With the server up and running and the client ready to operate, we can now analyze how to transfer messages from the client to the server using TLS/SSL protocol. As we have seen, to accomplish this, the SendMessageToServer(...) and ManageClientRequest(...) methods have been implemented. The body of each method is shown in Listings 3 and 4.


Listing 3: ManageClientRequest(…) method to manage a single client’s request.


Listing 4: SendMessageToServer(…) method to manage a single client’s request.

In Listings 3 and 4, the _SslStream is defined at class level.

Let’s start by considering the server side method. In this, an SslStream instance is created by using, as underlying stream, the NetworkStream stream associated with the TcpClient ‘s object. This object is created when theAcceptTcpClient() method of the TcpListener object informs the server that a client request has arrived.

The SslStream constructor uses four additional arguments:

  1. bool leaveInnerStreamOpen : This allows the status of the inner stream to be set (open or closed).
  2. RemoteCertificateValidationCallback validationCallback : This method is invoked on the server after the client’s certificate validation. It permits all the exception conditions that eventually occur to be managed, and allows further checks to be made prior to continuing with the handshake. The method has a return value of type Boolean. If true is returned, the handshake continues; otherwise, an AuthenticationException is thrown.
  3. LocalCertificateSelectionCallback selectionCallback : This method is invoked when the server’s certificate is selected. With it, we can perform some checks about its nature and state. The method has a return value of type X509Certificate2. We need to return to the caller the certificate selected. If null is returned, a NotSupportedException is thrown and the communication ends.
  4. EncryptionPolicy encryptionPolicy : This is an enumeration that allows us to specify whether the server requires, allows, or does not allow encryption.

The same situation occurs at client side. In this case, we create an object of type TcpClient that to communicate with the server. Its associated NetworkStream object is used to create the SslStream instance. We use, as arguments of its constructor, the same arguments with almost the same meaning as those used for the server’s code. In this case, the validationCallback method is related to the server’s certificate validation; theselectCallback method is related to the client’s certificate selection; and the encryptionPolicy value is used to specify whether the stream will be encrypted or not. The encryptionPolicy setting must be compatible with the analogue server’s setting, otherwise, an exception is thrown: if the server requires encryption, the client must require it too; if the server allows encryption, the client can use encryption or not; if the server doesn’t allow encryption, the client must not use it.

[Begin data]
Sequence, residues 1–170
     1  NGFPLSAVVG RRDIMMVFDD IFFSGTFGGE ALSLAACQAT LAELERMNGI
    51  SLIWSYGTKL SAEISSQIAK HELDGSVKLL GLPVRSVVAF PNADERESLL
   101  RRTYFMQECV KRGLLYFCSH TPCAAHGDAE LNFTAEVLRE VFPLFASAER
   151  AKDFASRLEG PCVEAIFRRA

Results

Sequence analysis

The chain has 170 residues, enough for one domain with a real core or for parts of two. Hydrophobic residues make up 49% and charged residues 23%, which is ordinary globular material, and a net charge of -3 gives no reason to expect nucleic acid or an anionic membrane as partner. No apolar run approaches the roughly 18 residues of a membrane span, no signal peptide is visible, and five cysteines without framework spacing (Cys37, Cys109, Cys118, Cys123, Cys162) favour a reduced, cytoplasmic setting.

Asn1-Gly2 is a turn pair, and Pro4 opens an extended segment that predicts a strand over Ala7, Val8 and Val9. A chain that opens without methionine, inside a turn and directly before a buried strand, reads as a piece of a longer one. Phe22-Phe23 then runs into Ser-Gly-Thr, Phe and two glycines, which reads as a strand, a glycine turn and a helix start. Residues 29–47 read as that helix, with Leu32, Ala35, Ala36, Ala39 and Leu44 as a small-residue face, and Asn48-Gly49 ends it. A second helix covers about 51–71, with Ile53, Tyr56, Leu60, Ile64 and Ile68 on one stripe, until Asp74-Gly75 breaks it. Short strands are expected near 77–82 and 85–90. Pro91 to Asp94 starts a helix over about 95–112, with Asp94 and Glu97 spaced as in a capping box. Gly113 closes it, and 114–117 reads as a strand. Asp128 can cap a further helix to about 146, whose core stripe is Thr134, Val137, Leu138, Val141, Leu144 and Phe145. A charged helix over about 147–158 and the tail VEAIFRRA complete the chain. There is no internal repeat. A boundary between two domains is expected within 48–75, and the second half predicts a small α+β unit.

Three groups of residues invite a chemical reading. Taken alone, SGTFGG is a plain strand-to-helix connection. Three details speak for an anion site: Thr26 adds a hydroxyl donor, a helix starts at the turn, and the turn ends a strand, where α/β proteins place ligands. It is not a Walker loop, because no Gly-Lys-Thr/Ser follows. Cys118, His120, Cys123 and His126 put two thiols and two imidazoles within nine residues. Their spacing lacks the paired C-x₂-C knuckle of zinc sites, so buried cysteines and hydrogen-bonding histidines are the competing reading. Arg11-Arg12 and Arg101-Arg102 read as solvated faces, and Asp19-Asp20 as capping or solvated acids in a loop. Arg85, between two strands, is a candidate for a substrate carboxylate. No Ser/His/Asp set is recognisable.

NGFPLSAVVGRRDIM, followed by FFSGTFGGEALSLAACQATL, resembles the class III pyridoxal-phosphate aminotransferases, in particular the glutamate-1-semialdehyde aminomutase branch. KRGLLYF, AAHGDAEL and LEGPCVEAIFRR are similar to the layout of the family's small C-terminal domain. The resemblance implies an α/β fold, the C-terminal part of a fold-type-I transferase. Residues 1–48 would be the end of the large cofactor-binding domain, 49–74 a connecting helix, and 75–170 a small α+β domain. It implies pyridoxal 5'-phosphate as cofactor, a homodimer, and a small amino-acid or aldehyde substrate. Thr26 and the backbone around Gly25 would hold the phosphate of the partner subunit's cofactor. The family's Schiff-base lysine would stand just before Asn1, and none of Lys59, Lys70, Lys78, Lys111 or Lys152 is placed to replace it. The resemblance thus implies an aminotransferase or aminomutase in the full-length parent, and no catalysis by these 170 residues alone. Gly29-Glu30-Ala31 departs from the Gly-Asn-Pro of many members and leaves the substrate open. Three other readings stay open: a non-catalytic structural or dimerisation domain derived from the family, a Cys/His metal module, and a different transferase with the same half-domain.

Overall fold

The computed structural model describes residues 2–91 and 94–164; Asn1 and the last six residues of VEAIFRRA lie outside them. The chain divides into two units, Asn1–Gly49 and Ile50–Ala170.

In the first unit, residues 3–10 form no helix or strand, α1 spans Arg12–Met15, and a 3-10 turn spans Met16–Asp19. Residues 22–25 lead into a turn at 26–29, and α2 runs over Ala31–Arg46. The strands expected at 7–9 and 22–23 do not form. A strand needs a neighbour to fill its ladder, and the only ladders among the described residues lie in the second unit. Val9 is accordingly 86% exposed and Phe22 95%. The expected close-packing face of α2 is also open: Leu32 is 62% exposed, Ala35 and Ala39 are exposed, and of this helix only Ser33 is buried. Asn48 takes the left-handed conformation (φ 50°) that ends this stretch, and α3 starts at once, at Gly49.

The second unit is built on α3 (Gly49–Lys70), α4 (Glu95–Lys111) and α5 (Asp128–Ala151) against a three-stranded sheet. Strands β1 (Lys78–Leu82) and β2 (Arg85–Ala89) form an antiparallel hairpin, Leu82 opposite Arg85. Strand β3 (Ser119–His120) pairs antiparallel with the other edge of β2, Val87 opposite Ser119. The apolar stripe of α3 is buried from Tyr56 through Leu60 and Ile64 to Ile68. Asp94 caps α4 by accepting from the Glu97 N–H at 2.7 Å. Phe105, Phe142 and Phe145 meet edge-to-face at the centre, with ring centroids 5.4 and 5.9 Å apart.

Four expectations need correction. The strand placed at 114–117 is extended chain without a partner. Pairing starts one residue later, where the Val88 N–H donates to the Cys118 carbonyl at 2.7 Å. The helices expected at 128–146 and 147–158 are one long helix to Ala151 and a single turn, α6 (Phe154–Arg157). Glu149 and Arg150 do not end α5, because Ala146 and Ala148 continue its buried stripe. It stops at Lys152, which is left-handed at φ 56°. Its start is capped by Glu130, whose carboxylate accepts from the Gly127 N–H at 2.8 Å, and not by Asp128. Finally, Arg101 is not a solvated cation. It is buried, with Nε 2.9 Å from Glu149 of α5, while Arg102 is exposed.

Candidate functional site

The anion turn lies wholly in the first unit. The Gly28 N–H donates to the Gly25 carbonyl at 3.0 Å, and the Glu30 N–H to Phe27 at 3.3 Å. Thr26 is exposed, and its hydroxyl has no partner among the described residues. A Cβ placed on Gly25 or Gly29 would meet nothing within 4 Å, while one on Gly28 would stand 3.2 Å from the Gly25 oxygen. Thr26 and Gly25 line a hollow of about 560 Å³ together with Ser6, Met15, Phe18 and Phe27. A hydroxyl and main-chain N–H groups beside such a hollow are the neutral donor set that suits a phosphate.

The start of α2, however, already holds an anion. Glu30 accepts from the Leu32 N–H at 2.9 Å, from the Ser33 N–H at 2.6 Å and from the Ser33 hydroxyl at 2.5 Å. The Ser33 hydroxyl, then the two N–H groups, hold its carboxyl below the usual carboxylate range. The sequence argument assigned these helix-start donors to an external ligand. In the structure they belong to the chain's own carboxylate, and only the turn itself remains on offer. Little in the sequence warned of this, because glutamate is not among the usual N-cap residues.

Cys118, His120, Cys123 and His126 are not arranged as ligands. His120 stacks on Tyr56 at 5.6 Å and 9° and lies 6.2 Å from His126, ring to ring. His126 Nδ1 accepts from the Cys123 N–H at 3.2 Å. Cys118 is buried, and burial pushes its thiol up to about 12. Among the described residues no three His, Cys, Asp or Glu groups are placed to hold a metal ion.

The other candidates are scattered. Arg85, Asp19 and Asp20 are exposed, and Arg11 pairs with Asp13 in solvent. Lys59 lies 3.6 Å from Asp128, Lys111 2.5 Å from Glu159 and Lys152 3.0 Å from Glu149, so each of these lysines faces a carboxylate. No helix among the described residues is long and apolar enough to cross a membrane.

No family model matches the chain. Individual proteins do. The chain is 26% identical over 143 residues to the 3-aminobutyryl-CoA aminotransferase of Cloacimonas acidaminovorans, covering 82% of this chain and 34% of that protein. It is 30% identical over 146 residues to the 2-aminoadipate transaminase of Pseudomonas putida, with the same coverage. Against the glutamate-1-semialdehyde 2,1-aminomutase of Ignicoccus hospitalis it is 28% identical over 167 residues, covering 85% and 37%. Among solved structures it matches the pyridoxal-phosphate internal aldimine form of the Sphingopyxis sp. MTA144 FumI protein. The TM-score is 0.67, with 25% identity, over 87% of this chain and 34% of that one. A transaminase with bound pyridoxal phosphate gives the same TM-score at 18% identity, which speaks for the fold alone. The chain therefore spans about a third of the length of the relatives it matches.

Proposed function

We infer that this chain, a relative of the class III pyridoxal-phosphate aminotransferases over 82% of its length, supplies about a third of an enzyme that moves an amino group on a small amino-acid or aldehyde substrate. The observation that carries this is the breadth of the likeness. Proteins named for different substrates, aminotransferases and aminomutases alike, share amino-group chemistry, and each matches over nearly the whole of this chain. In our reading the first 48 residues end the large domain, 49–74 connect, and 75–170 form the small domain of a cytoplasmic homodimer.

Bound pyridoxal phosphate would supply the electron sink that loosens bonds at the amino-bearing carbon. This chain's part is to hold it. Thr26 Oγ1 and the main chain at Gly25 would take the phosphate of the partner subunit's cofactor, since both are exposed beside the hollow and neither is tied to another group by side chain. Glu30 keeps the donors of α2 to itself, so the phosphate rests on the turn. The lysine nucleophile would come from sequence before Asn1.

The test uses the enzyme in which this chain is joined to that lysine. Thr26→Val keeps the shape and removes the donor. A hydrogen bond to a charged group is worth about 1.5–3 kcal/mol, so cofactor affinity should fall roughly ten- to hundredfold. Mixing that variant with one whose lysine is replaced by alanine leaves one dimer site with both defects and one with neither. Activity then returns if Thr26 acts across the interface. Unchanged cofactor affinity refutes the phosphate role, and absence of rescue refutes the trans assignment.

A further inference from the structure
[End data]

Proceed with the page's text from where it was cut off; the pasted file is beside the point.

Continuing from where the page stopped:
After the SslStream instance generation, the two methods continue performing the handshake. This is done by invoking the ServerSideHandshake() and ClientSideHandshake() methods. If it doesn’t succeed, an AuthenticationException is thrown and the communication ends. If it succeeds, the client sends data to the server using the SendDataToServer() method, while the server reads it using theReadClientData() method.


In our example, we want to implement a TLS/SSL server with the following characteristics:

  1. It must allow both TLS 1.0 that SSL 3.0 protocols. This requirement is imposed by the SslProtocols enumeration. Table 5 lists all its possible values.
  2. It must require client authentication. The client needs a valid X509 certificate to be able to perform the data exchange.
  3. It must require that the client’s certificate is valid and hasn’t been revoked. This implies that the validationCallback delegate defined in the ManageClientRequest() method (Listing 3) will be invoked.




The TLS 1.0 protocol as defined in the RFC 2246.


The SSL protocol, defined by Netscape Communication, from which the TLS 1.0 is derived.


The first public available version of the SSL protocol created by Netscape (SSL 1.0 has never been published).


Both TLS and SSL3 are acceptable. TLS has higher priority than SSL3.


Empty bit flag.

Table 5: SslProtocols enumeration values.

The client must:

  1. Require the TLS protocol.
  2. Require that the server’s certificate is valid and hasn’t been revoked. This implies that the validationCallback delegate defined in the SendMessageToServer(...) method (Listing 4) will be invoked.

We need to implement the ServerSideHandshake() and ClientSideHandshake() methods as shown in Listings 5 and 6.


Listing 5: The ServerSideHandshake(…) method.


Listing 6: The ClientSideHandshake(…) method.